What telescope is lost in space?

The Hubble Space Telescope image (above) shows NGC 6503 in impressive detail and with a wealth of colour. The Hubble Space Telescope image (above) shows NGC 6503 in impressive detail and with an abundance of colour. Dark brown dust regions are found in the arms and centre of the galaxy. Light blue regions contain stars that are forming.

NGC 6503’s odd location at the edge of this void has led some stargazers to dub it a “lost-in-space galaxy”. This newly released Hubble image shows the galaxy NGC 6503 sitting on the edge of what astronomers call the Local Void. NGC 6503 spans about 30,000 light years, which is about one-third the size of the Milky Way.

What overlaps with NGC 3314?

By an unusual chance alignment, the frontal spiral galaxy (NGC 3314A), about 55,000 light-years across, lies just ahead of the other, larger lensed galaxy (NGC 3314B), whose estimated distance is nearly 70,000 light-years. NGC 3314A is moving away from us at about 2851 kilometres per second, while the background galaxy is moving away from Earth at about 4641 kilometres per second. This unique alignment gives astronomers the opportunity to measure the properties of the interstellar dust in the foreground galaxy (NGC 3314a). Thanks to the long exposure time, totalling more than an hour for each image, the picture shows not only NGC 3314, but also many other more distant galaxies in the background.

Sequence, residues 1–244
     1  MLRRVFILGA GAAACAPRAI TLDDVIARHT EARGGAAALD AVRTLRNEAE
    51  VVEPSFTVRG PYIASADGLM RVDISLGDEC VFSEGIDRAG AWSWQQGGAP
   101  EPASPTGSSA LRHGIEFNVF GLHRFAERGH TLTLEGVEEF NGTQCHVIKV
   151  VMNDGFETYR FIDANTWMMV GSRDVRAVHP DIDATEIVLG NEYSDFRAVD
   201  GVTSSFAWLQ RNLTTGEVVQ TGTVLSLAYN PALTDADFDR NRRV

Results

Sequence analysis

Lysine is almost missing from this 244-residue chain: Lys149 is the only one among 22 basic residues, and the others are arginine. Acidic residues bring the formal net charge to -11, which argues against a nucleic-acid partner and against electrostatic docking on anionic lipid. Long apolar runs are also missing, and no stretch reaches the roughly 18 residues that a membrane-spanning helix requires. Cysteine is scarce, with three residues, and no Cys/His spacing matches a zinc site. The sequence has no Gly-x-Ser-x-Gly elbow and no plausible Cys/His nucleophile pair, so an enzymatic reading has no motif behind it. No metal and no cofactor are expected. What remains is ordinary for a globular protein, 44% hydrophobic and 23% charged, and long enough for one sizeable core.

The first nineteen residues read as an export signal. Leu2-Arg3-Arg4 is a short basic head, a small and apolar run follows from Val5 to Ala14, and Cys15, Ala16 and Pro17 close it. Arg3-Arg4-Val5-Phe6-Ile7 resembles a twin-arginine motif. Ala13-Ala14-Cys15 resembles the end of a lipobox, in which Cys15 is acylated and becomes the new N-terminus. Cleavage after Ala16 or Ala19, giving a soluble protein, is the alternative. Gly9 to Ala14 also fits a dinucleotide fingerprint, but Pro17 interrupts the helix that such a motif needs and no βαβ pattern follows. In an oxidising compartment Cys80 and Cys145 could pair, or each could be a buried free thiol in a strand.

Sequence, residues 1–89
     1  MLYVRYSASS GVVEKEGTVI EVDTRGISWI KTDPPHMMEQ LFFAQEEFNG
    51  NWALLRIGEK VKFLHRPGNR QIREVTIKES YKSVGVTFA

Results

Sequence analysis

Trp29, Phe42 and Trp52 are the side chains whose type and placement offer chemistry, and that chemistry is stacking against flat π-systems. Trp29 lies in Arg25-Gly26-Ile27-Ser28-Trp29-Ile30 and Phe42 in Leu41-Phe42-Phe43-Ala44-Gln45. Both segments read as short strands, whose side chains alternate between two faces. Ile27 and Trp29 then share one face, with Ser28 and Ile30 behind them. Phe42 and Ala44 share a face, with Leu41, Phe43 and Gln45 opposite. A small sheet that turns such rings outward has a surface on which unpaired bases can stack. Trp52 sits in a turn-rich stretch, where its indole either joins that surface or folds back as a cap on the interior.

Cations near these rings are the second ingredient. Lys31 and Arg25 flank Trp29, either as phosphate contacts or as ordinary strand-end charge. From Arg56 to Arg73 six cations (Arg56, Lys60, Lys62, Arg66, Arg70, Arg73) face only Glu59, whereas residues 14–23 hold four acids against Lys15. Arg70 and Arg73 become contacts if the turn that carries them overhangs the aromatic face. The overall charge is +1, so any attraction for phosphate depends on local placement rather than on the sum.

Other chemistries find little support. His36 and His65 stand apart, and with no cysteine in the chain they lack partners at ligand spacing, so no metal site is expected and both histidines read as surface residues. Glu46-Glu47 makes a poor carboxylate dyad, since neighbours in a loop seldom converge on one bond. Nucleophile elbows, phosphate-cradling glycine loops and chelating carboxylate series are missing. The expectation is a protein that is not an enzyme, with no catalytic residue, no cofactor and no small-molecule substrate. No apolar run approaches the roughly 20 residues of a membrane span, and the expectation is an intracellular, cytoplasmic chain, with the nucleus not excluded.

What kind of galaxy is NGC 1705?

The central region of the small galaxy NGC 1705 glows with the light of thousands of young and old stars. NGC 1705 is a peculiar lenticular galaxy and a blue compact dwarf galaxy (BCD) in the southern constellation Pictor, located less than one degree east of Iota Pictoris, and is in a starburst. Despite the difference in classification (NGC 1705 as BCD and NGC 1569 as DIG), they are similar objects, showing signs of both complex structure and the presence of galactic outflows. In galaxies outside the Local Group, crowding and size constraints make it increasingly difficult to resolve the fainter stars, reducing the achievable look-back time.

Which telescope is lost in space?

At any given time, Hubble houses five science instruments, as well as the fine-control sensors used mainly to point the telescope, but occasionally for scientific astrometry measurements. It turned out that the telescope’s mirror had a tiny flaw, and this Hubble problem made the telescope a household name as comedians and pranksters poked fun at its poor visibility. Existing ground-based telescopes and various proposed extremely large telescopes may outperform the HST in terms of sheer light-gathering power and diffraction limit due to larger mirrors, but other factors affect telescopes. Kodak had ground a replacement mirror for Hubble, but it would have been impossible to replace the mirror in orbit, and it would have been too expensive and time-consuming to bring the telescope back to Earth for a refit.

What kind of galaxy is NGC 5383?

At an inclination of 39° with respect to Earth, NGC 5238 has a total mass of 117 million solar masses, with a star formation rate of 0.01 solar masses per year. NGC 5383 – spiral galaxy in the Canes Venatici – is classified as a spiral galaxy (SAb) according to the Hubble and de Vaucouleurs morphological classification. In 1977, it was hypothesised that NGC 5238 is not a single galaxy, but a pair of interacting galaxies. NGC 5238 is thought to emit not only HI gas but also radio continuum emissions.